08/15/2012 11:56AM

Jerardi: No better feeling than hitting a good bet at Saratoga


It had been a half-hour or so on I-87 when, after a pit stop, I moved to the passenger side, Monday’s Saratoga past performances in my lap, marking pen in hand.

Looked at the first three races quickly because I knew I would not be in Saratoga Springs in time to bet them. I did not really get the fourth. The fifth and sixth, however, were easy to understand.

King David jumped off the page of the fifth, a route grass race with this strange (at least to me) set of conditions – for horses that have never won two races or 3-year-olds. It immediately struck me that there could be some serious mismatches among this group, such as 7-year-old Majesty’s Pilgrim with one career win, and 3-year-old King David with three wins since May 25.

King David’s last three grass Beyers were 74, 74, and 79. Others had gotten similar Beyers, but were not as consistent. Additionally, King David was outside and it was not difficult to envision a trip with few obstacles. I had an opinion.

The sixth race looked even more obvious. Primal Baby had the rail, the speed in what looked like a paceless race, and another huge edge in the conditions. These fillies and mares were scheduled to run seven furlongs. It was for horses that had never won three races, 3-year-olds, or horses which had not won in six months.

Well, Primal Baby was a 5-year-old with 6 career wins, along with 6 seconds and 6 thirds in 25 races. This was her third race off an October layoff. She was second in both starts so she fit the “had not won in six months condition.’’ One of those seconds was actually in an open claimer at Parx. The other was in a race with identical conditions at Saratoga. Her 2012 Beyers of 76 and 72 laid over the field. I thought she was a cinch. I also knew she was going to be a solid favorite so I wanted to find a few decent closers to use in exactas or trifectas.

I eliminated other horses with a hint of speed believing they would hit the wall chasing Primal Baby. I settled on Roman Renegade (my kind of exotic horse with 13 seconds and thirds in 28 races) and Mess in a Dress, a filly that almost always made a late stretch charge. I wrote down 1 with 5-9 on the first page of the past performances. I was going to hit this tri. And I was not going to have it once.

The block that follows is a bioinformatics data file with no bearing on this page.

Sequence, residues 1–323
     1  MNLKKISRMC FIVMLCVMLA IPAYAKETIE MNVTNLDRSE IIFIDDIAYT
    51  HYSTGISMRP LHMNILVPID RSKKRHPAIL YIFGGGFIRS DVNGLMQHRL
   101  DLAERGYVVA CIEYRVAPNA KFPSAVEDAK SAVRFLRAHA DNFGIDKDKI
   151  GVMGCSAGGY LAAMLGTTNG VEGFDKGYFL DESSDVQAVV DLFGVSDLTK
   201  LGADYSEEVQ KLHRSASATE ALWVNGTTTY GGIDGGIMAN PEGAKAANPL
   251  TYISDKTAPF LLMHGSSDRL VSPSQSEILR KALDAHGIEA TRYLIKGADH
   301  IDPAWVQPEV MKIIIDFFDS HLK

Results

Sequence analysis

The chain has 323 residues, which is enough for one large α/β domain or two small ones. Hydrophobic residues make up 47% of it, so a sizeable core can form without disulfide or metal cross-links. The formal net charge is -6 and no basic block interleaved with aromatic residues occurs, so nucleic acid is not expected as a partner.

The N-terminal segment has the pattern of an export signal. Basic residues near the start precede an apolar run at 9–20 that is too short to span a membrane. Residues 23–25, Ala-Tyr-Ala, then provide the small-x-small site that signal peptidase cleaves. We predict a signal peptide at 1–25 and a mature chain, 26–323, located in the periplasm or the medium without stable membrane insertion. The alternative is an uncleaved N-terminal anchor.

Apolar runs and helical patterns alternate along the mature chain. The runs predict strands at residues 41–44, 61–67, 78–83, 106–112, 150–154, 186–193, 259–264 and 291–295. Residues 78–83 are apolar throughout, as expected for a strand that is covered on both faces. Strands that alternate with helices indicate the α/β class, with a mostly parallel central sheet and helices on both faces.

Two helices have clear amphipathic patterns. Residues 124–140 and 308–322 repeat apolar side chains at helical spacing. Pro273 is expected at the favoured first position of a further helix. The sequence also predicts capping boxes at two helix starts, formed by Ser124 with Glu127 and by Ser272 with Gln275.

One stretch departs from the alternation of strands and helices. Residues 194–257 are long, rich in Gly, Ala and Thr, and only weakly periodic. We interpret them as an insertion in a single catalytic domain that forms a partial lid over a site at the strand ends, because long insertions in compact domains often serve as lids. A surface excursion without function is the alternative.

The rest of the races, with the exception of the $100,000 Coronation Cup, looked inscrutable. The seventh had a field of 2-year-old maidens on grass. The eighth was at two miles. The 10th was a route grass race with too many contenders. I called my DRF guru David Grening for some of his selections.

As my wife and I drove north on Broadway through town, I thought back to my first visit to the Spa in 1976 when I stayed with a friend at Peck’s Lake and could not figure out why Honest Pleasure never stopped in the Travers. Track bias was a foreign concept.

Cruising by Congress Park and then the mansions north of town, I felt like I was home or at least my August home. When we pulled into the driveway of the house my friend Mark Reid (trainer/breeder/horse entrepreneur) was renting on Broadway (not one of the mansions), I quickly explained to him that money was in his immediate future.

We got to the track just as the fourth race was being run. As we settled into the Backyard table our friend Sonny reserves every day by appearing with his tablecloth as the sun rises, I noted Grening had texted me one horse that had scratched, a Chad Brown firster in the seventh and a Todd Pletcher filly in the stakes. Since those two were winning almost all of the races at the meet, I made a mental note that Dave was even sharper than I thought.

I told Mark about the horse in the fifth. He was disdainful of a horse coming from Chicago as if he was coming from Mars. I could never quite come up with an exacta horse so I ended up passing on 9-5 King David who promptly blew by the field to win by more than three lengths.

I knew I had the next race trifecta so I just went to the windows and pounded 1 with 5-9. I celebrated prior to the race with a Shake Shack burger.

Primal Baby (8-5) hit the front, but had more company than I expected. She eventually dropped Miss Libby and Double Mint, who retreated to the back. One of my closers, Roman Renegade, was coming, but sooner and faster than I had hoped. No matter. Primal Baby dug in and was clearly never going to let Roman Renegade by. So where was Mess in a Dress? Flying on the outside. A stride or two before the wire, she was fourth. At the wire, she was third. 1-5-9. Never in doubt. Even Reid was happy.

I was hoping for $60. With the favorite over the second favorite over the third favorite (tell me I don’t know this game), I was dreaming. The tri paid $37.60. I was able to pay for the burger with enough for many more during the balance of the week.

As soon as the race ended, I had some remorse, wondering why I didn’t play a pick three with my two horses and the Brown/Grening firster. I did play a double with Primal Baby and the firster. The double was paying $30, the pick three $90.

Alas, the Brown horse, Dancing for Glory, ran great, but could not catch Coconut Shrimp, a Pletcher firster.

Tried a little of Sweet Cat, the Pletcher filly, in the stakes, along with some Sensible Lady, the eventual winner and now five of six in grass dashes. Sweet Cat (thanks, Dave) was nowhere. Sensible Lady was terrific.

Got a tout in the 10th from a West Coast source who shall remain nameless to protect the guilty. The tout, Vee One Rotate, finished sixth as a Dutrow (Tony)/Dutrow (Rick) exacta of $89 came in.

No matter, big bills were in my pocket, with the promise of Wednesday, Thursday, and Friday to come. The only thing better than Saratoga is being in Saratoga with fresh capital.